Socceroos defeat of Wales: a sign of things to come
The Socceroos’ upcoming World Cup campaign looks on firm ground. This morning’s friendly against Wales showed the evident class of both sides’ top players, but a workmanlike Australia were the superior team against a side whose Premier League pedigree belies it’s FIFA ranking of 119.
Up front, Tim Cahill and Scott McDonald (remember him?) pulled the strings for the Socceroos, while for extended periods the Aussies were able to nullify Wales’ influential wide men Craig Bellamy and Gareth Bale.
McDonald, who still hasn’t scored after 26 Socceroo caps, has never been faulted for effort in Australian gold and this was again the case today. He was busy up front and with Tim Cahill had a role to play in both goals. Given his 5’9 frame, leading the line in what amounted to a 4-4-1-1 hardly accentuated his gifts, but he regularly puts in Tevez-like endeavour, if without the pursuant goals.
More encouragement took the form of the central midfield matchup, where Neil Kilkenny of local Bristol City and Serie B’s best bargain, Carl Valeri, more than matched the talent and experience of Aaron Ramsey and David Vaughn respectively.
It was hardly an exquisite spectacle – more an unkempt tussle in which the Australians collected themselves more quickly than their opposition. They pulled away when perpetually underrated right-back Luke Wilkshire first thundered a long-range shot against Wayne Hennessey’s upright and minutes later delivered a pinpoint cross that Cahill powered into the bottom right corner.
He also curtailed Welsh WMD Bale, while the less experienced combination of Matt McKay and Michael Zullo were able to somewhat negate Bellamy’s influence on the left. When Wilkshire was pulled at half time, the opposition flankers were far more able to shape the game.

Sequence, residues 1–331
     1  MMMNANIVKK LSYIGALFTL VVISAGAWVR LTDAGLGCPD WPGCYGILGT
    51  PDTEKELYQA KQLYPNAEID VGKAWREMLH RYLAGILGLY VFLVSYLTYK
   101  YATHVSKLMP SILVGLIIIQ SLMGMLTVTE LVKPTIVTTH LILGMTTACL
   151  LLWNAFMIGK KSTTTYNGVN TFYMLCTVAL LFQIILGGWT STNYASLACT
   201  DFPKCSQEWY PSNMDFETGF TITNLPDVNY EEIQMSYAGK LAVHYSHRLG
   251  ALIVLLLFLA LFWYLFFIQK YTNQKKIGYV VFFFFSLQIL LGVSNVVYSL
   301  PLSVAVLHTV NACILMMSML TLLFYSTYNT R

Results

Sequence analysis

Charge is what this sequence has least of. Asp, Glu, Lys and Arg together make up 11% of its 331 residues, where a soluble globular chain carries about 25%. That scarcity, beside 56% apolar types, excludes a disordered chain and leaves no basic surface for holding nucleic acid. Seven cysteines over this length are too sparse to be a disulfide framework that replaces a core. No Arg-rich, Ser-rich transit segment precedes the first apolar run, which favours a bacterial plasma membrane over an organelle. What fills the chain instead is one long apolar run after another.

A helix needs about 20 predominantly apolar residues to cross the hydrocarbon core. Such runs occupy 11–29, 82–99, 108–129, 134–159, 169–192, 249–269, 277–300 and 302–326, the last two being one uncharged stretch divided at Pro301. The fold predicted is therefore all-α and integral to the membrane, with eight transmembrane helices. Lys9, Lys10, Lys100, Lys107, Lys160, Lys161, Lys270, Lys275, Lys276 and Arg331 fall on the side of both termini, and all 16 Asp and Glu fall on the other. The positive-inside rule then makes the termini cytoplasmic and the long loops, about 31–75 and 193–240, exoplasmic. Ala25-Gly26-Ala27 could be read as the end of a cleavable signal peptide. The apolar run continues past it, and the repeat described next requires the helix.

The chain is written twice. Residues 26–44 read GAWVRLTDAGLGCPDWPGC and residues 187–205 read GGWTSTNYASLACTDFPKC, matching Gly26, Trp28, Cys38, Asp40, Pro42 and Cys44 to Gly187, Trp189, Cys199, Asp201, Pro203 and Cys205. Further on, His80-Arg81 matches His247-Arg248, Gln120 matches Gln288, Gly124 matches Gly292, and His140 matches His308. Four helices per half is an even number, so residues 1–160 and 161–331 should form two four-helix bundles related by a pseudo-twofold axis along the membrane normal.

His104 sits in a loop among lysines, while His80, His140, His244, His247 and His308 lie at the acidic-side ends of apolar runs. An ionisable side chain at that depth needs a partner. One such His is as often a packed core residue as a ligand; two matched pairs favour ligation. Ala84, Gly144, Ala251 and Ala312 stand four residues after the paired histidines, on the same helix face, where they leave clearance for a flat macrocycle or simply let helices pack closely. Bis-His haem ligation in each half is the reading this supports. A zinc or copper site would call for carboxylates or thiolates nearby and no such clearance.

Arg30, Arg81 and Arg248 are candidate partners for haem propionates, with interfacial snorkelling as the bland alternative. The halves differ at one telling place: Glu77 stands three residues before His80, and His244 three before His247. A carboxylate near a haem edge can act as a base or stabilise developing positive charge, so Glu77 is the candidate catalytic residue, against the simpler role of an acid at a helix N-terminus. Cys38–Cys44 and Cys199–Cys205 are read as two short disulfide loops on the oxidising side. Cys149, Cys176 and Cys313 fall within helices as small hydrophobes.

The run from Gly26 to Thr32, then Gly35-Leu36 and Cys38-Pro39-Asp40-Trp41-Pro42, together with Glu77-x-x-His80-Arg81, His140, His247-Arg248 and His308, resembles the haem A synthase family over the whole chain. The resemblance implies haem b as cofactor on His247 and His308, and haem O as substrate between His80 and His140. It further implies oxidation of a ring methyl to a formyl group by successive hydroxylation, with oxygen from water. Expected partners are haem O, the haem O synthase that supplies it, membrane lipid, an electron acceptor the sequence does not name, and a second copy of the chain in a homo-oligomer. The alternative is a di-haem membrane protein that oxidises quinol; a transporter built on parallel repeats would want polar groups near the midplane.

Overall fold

As The Age’s Michael Lynch has pointed out on Twitter, the blend of youth and experience should hearten the Green and Gold army.
The team is defensively sound, with Michael Zullo, Matthew Spiranovic and Rhys Williams all impressing. Williams’ presence was impressive, while Spiranovic made a habit of being in the right place at the right time. Matt McKay, though unlikely to have damaged his prospects of moving to Rangers, showed again some David Carney-esque tendencies at left back: good going forward, but was often beaten for pace and lateral movement by (very good ‘uns) Craig Bellamy and Bale.
It was after Zullo, Wilkshire and Neill had all been withdrawn that a miscommunication at a set piece left Wales right-back Darcy Blake alone to score.
All appears positive for the Socceroos behind the ball. The midfield, though for the meantime shorn of the class of Bresciano and Kewell, is bustling, harrying and athletic. It is only going forward that the Socceroos don’t have a good mix of experience and exuberance. When Robbie Kruse put home the rebound from a McDonald’s shot, it served to contrast his fortunes with those of McDonald: when the Middlesbrough man scores his first Socceroo goal, it must be written that the earth will open and swallow him whole.
There is hope in Kruse’s ability to find the net and McDonald’s endeavour can begin to capitalise on delivery which has improved markedly since Osieck took over from Pim Verbeek. The team is still disconcertingly reliant on attacking midfielders Cahill and Holman to score. But this, after the Germany matches and a valiant Asian Cup, is encouragement enough for now.